- High tech drives the need for high touch as people. Rise of the robots means people need to spend more time together
- Robots in the future will be digital “sherpas” so that we don’t have to carry digital tools like laptops
- Digital twins in 5 years that are far smarter that Siri will talk to other digital twins for meeting coordination and low level task production
Some wondered with all this automation, and the simultaneous happening of the gig economy how does corporate America inculcate culture and values?
Gen Z: Influencing the Real Estate Footprint
- Industrial spaces converted to office is a solution, but what you are really talking about is an input into the process. Its less about the generation and more about where people are in their life’s journey. Millenials are just younger baby boomers. As people get older, there are consistencies with what they want. For example, young children are a great equalizer in terms of what people want.
- More face to face interaction helps Gen X with knowledge transfer.
- What do people DO when they are at work? That tells me as a Gen Z a lot about the company?As a Gen X, culture is a lot more important to me than the physical layout.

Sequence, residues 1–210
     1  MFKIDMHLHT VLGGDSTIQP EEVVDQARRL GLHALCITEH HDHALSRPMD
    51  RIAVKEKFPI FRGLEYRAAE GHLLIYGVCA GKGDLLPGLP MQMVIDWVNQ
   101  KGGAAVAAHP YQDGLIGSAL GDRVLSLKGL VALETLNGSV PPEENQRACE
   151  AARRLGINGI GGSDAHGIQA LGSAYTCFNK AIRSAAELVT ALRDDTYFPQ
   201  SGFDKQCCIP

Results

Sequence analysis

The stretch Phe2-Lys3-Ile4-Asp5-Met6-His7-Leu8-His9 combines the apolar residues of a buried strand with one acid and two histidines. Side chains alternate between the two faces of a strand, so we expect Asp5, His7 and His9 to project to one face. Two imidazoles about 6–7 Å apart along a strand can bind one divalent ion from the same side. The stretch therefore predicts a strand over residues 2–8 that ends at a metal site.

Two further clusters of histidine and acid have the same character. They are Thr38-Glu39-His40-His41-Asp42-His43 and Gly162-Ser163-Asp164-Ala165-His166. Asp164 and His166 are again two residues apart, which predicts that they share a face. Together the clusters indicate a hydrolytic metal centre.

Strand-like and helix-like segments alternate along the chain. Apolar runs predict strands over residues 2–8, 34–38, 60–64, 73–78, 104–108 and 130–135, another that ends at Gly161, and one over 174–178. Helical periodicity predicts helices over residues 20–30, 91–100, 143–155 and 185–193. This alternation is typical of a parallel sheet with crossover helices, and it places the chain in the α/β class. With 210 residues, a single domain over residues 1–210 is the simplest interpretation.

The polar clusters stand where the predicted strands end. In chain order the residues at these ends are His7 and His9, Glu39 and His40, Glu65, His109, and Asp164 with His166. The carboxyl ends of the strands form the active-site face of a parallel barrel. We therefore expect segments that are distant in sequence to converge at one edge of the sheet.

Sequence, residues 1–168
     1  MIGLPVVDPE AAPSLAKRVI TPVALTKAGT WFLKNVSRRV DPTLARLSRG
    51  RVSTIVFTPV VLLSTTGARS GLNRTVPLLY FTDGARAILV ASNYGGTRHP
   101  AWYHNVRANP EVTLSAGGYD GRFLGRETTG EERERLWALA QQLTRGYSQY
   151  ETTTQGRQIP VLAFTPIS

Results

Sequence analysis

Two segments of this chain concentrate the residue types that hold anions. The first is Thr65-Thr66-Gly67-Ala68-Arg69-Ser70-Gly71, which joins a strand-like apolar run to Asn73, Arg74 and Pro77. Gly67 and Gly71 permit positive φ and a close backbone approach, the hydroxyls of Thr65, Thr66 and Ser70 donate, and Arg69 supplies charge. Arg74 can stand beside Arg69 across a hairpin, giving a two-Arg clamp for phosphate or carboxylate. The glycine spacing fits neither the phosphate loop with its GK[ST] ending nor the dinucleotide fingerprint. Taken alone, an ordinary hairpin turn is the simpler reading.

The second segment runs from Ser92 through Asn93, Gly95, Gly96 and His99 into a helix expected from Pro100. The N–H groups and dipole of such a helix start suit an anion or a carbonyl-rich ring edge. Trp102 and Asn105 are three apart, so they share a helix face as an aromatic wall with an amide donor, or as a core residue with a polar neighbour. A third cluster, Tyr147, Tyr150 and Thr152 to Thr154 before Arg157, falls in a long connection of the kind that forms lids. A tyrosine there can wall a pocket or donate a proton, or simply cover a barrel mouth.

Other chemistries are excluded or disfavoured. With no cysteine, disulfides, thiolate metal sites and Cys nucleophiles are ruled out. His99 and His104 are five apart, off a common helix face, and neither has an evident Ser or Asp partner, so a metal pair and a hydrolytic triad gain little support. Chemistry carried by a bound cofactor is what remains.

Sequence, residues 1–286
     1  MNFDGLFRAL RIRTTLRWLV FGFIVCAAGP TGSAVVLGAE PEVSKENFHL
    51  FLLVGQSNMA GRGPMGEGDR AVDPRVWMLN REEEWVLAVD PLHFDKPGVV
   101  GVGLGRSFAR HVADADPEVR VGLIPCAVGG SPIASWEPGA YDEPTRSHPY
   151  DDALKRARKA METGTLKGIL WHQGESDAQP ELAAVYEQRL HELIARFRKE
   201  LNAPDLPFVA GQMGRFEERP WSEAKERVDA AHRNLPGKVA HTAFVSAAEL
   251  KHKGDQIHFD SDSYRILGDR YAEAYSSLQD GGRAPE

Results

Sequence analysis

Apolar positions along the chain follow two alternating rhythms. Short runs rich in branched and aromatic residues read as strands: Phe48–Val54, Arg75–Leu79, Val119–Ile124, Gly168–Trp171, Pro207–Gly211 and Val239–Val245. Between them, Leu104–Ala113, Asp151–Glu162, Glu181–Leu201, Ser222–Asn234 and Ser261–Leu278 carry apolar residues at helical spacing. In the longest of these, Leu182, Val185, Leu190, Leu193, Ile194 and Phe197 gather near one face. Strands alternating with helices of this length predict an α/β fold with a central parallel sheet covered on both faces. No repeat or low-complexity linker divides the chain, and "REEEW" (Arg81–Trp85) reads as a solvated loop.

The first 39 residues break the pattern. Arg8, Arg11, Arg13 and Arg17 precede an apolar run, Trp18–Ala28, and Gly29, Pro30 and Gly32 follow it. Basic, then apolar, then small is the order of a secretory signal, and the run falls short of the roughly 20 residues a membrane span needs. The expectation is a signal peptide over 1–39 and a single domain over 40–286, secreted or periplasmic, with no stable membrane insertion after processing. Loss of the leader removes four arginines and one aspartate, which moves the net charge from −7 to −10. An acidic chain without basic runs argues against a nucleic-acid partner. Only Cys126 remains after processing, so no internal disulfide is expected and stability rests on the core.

- Culture is driven by the people in the space, not the design of the space
- People are most happy when they go to work (as in a place) every day if they have a friend at work.
- What has not worked? – You can try too hard. If being hip and cool is not consistent with your corporate culture then it won’t ring true. When someone comes into our offices do they get a sense of how they work from the people and the space? If so, that is
- Watch cutting vs. bleeding edge. Make sure your risk tolerance is consistent with technological risk.
- Brand is more than paint on the wall, carpet and color – its the actually embodiment of the mission. Failure: “I saw this really cool thing somewhere else, but didn’t stress test in their own organization” before we installed in our office.